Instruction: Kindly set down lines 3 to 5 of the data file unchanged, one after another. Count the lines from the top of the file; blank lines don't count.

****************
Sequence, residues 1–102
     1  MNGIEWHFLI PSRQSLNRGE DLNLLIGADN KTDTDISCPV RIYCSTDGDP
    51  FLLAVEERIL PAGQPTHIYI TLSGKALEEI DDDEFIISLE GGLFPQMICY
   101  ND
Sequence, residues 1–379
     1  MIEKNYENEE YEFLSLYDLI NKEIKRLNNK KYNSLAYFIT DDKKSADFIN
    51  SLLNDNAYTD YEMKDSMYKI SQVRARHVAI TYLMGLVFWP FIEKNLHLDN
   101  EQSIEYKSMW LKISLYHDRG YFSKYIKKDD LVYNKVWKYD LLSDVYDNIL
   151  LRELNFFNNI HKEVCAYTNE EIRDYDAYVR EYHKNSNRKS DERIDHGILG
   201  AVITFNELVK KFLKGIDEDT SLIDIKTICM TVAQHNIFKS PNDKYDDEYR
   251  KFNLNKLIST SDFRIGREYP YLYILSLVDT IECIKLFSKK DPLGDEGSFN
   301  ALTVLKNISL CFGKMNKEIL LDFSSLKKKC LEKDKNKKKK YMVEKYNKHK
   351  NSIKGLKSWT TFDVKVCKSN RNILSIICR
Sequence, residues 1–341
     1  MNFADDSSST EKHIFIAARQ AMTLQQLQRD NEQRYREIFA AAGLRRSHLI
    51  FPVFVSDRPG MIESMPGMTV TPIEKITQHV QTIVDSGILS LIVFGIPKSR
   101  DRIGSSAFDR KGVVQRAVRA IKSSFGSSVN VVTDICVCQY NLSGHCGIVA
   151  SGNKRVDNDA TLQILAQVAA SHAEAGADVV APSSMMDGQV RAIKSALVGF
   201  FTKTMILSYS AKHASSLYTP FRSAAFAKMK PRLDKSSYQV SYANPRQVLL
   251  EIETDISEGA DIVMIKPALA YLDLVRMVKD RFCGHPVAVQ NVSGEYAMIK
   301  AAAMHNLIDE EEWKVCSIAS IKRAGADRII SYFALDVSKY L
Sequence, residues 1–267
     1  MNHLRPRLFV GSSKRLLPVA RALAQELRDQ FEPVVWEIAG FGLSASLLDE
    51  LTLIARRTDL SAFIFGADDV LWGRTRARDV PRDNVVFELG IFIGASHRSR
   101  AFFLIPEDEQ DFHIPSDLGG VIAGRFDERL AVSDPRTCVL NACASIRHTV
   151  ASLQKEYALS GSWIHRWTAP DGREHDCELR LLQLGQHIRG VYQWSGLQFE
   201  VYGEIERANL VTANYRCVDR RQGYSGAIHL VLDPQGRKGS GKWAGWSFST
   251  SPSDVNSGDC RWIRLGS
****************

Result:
    51  FLLAVEERIL PAGQPTHIYI TLSGKALEEI DDDEFIISLE GGLFPQMICY
   101  ND
Sequence, residues 1–379